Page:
True Potential has launched a direct-to-consumer platform and network arm to sit alongside its national IFA business.
The True Potential Investor platform charges 40 basis points and launches with both Isa and general investment accounts.
Risk profiling is provided by Morningstar, with investors guided into funds based on their risk score.
It acts as a standalone proposition but includes an option to seek advice, linking clients to the firm’s advice arm.
True Potential has developed the technology in-house and it is available through web browsers on Apple and Android mobile devices.
The firm has also announced the launch of a network arm called True Potential Associate Partners. The network will sit alongside True Potential’s existing national IFA arm True Potential Wealth Management, which has 435 advisers.
True Potential managing partner David Harrison says: “Advisers will always play an important role in educating and transacting financial matters for clients. True Potential Investor will complement the existing advice market as the more frequently a client encounters a product – for example, an Isa – the more confident they will become in exploring other more complex financial solutions that require professional advice.
“We want to democratise savings and investments and True Potential Investor will bring a huge amount of investing power within reach of far more people.”
On the launch of its network arm, True Potential says: “The introduction of the RDR, combined with trends in society and technology, has made the old network and national models unprofitable and, quite frankly, unworkable. True Potential Associate Partners offers a modern alternative.”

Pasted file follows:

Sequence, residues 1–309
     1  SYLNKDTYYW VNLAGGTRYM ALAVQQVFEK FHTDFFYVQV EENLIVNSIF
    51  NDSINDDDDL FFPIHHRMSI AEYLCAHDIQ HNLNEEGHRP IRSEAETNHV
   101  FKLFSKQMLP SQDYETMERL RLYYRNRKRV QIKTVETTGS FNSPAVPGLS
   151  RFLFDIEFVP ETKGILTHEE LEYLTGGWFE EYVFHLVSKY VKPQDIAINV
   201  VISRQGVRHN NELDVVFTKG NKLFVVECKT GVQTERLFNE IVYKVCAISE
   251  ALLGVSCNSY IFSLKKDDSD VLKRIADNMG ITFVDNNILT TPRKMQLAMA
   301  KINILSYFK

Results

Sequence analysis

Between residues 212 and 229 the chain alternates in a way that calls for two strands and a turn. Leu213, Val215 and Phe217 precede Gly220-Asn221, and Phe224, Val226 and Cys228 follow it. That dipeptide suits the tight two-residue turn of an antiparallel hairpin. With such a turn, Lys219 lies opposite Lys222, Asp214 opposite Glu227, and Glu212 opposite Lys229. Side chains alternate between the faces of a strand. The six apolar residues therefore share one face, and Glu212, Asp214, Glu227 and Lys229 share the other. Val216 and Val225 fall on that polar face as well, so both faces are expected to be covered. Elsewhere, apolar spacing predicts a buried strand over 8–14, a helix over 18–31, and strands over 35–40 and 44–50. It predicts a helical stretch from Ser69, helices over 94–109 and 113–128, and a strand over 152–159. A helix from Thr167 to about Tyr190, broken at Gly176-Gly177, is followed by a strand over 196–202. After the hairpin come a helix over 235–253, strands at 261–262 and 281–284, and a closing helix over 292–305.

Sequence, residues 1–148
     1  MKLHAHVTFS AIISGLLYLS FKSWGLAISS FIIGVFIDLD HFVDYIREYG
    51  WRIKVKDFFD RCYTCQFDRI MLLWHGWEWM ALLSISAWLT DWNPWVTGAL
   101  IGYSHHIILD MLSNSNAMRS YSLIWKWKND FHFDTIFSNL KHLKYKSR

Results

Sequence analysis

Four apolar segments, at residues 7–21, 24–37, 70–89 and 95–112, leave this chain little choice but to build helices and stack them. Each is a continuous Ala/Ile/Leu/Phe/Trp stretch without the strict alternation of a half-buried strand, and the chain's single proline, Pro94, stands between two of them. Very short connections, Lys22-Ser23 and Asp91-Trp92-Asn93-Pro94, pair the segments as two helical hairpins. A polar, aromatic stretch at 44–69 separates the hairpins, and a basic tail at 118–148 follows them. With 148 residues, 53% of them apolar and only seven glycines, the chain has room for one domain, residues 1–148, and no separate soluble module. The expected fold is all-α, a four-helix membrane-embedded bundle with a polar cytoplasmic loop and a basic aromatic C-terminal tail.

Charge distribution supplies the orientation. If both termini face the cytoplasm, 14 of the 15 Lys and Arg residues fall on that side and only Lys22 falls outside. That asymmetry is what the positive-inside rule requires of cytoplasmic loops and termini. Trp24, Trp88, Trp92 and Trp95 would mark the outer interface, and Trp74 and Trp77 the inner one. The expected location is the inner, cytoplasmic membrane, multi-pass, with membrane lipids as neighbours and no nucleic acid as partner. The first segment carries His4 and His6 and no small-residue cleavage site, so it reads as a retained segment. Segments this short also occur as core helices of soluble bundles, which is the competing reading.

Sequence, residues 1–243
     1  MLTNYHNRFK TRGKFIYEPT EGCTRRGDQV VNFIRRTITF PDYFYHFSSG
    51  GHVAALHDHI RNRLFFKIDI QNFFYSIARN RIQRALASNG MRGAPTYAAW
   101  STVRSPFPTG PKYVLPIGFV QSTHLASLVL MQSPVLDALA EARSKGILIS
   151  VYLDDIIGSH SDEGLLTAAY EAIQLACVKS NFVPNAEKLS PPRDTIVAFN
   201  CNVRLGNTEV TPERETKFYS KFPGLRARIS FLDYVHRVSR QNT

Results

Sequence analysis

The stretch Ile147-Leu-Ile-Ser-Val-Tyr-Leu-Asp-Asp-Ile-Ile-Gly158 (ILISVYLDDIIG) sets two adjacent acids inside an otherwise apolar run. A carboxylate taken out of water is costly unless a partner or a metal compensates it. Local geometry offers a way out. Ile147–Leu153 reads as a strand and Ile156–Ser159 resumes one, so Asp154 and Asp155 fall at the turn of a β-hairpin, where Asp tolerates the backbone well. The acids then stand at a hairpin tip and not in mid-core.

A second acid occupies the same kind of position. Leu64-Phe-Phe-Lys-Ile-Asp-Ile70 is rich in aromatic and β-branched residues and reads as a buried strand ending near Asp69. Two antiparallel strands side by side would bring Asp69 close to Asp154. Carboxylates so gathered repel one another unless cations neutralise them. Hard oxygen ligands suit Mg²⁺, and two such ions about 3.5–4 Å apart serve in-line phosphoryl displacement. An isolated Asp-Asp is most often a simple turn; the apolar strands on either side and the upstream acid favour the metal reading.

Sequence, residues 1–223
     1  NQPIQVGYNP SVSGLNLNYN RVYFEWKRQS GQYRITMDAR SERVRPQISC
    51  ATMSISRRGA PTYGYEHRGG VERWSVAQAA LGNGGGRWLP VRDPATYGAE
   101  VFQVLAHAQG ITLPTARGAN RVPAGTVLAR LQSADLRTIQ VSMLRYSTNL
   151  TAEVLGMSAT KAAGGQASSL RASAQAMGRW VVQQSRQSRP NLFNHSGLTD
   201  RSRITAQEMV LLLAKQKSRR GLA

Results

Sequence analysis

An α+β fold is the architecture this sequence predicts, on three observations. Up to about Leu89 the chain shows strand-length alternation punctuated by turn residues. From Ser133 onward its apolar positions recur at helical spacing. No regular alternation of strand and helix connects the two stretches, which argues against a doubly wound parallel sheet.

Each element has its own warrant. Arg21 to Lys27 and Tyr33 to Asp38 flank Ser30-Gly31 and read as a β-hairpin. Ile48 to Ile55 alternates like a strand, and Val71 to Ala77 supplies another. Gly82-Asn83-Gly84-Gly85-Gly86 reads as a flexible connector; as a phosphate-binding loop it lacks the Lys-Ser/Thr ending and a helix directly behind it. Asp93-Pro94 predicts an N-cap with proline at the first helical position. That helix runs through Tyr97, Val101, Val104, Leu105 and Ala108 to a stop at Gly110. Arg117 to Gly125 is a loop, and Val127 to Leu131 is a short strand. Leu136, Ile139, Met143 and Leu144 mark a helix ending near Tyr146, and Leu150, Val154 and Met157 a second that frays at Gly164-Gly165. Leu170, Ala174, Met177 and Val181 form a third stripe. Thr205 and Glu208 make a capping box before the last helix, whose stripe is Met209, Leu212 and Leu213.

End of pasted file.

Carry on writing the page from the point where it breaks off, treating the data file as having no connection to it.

True Potential has taken a different approach in the design of its direct-to-consumer platform, by starting with the user experience and then fitting the underlying data underneath.
It may be that the simple design works well largely because the choice is restricted to a handful of funds.
That said, those more comfortable with investing may feel constrained, potentially limiting True Potential’s appeal to less experienced investors who find it refreshing not to be deluged by the entire funds universe.
Part of the company’s rationale for the D2C launch is that direct investors saving into an Isa, for example, could well become advised clients in the future.
The D2C platform also fits in nicely with True Potential’s recently launched ImpulseSave service. This gives clients and non-advised customers the ability to top up fund holdings through its platform on a self-serve basis from as little as £1.
ImpulseSave is also an interesting development as it looks to encourage regular contributions that would otherwise be spent as disposable income.
In practice, it remains to be seen whether consumers make that transition from non-advised to advised.
True Potential will have to work hard to support its direct and advice business in equal measure and continue to demonstrate the value of its advice offering.
Michael Glenister is platforms and distribution reporter at Money Marketing